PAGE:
After 10 Years, Inmate Wins Suit on Smoking in Prisons

State's prisons will have to be smoke-free by April 1 due to asthmatic inmate's complaint
By Newser Editors and Wire Services
Posted Sep 25, 2017 5:32 PM CDT
Indonesian singer Nazril "Ariel" Irham of the group Peterpan smokes a cigarette inside a holding cell prior to the start of his trial at a district court in Bandung, Indonesia, on Jan. 6, 2011.   (AP Photo/Kusumadireza)

(Newser) – Missouri prisons have been ordered to eliminate smoking after an asthmatic inmate serving a life sentence for two murders won a court judgment, per the AP. The Kansas City Star reports Missouri has been ordered to go smoke-free by April 1 because of the lawsuit Ecclesiastical Denzel Washington filed. Missouri already bans smoking inside prison buildings, but it allowed it in designated areas outside. The evidence at trial showed that inmates are commonly written up for smoking in their cells. Attorney Phillip Zeeck, who helped represent Washington, says the ruling may save Missouri taxpayers money because of the cost of treating smoking-related illnesses for the state's more than 30,000 inmates.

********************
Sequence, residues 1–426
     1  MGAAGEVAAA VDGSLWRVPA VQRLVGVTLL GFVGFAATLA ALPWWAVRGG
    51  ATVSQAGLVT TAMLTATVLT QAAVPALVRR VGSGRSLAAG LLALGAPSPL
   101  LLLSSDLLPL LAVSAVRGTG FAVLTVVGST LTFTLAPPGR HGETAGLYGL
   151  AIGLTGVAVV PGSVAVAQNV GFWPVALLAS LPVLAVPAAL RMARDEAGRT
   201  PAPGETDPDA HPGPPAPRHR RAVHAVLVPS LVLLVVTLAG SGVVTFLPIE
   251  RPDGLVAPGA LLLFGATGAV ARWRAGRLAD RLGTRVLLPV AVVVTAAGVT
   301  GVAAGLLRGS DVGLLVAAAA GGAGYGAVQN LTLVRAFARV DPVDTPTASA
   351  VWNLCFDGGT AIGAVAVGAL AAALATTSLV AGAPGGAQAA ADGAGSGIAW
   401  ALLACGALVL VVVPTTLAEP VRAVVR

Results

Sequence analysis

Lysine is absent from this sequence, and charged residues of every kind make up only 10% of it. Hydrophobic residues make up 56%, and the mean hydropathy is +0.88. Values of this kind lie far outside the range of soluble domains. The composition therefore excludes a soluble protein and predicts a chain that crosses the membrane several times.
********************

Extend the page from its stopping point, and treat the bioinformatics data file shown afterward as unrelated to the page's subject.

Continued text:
Washington, 53, sued the state because he said he kept getting paired in a cell with a heavy smoker despite doctor's orders that he be held in a smoke-free area. The case has been working its way through the federal courts for a decade. Washington, who used to be known as Willie Simmons, was sentenced to death in 1989 for the murders of two St. Louis women. His sentence was later reduced to life in prison. "This is a win ultimately for the people who work and live in Missouri's correctional facilities," Zeeck notes. State officials haven't announced details of their plan to eliminate smoking at 21 correctional facilities. (Read more Missouri stories.)

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